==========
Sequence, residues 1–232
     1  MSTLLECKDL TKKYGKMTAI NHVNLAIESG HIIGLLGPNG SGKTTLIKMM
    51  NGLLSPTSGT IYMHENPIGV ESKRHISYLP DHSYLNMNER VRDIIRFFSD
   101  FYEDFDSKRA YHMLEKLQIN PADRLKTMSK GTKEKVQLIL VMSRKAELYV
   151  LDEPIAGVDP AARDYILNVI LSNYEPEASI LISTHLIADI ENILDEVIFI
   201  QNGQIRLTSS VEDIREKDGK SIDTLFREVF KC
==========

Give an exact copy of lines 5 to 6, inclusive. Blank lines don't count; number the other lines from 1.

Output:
   151  LDEPIAGVDP AARDYILNVI LSNYEPEASI LISTHLIADI ENILDEVIFI
   201  QNGQIRLTSS VEDIREKDGK SIDTLFREVF KC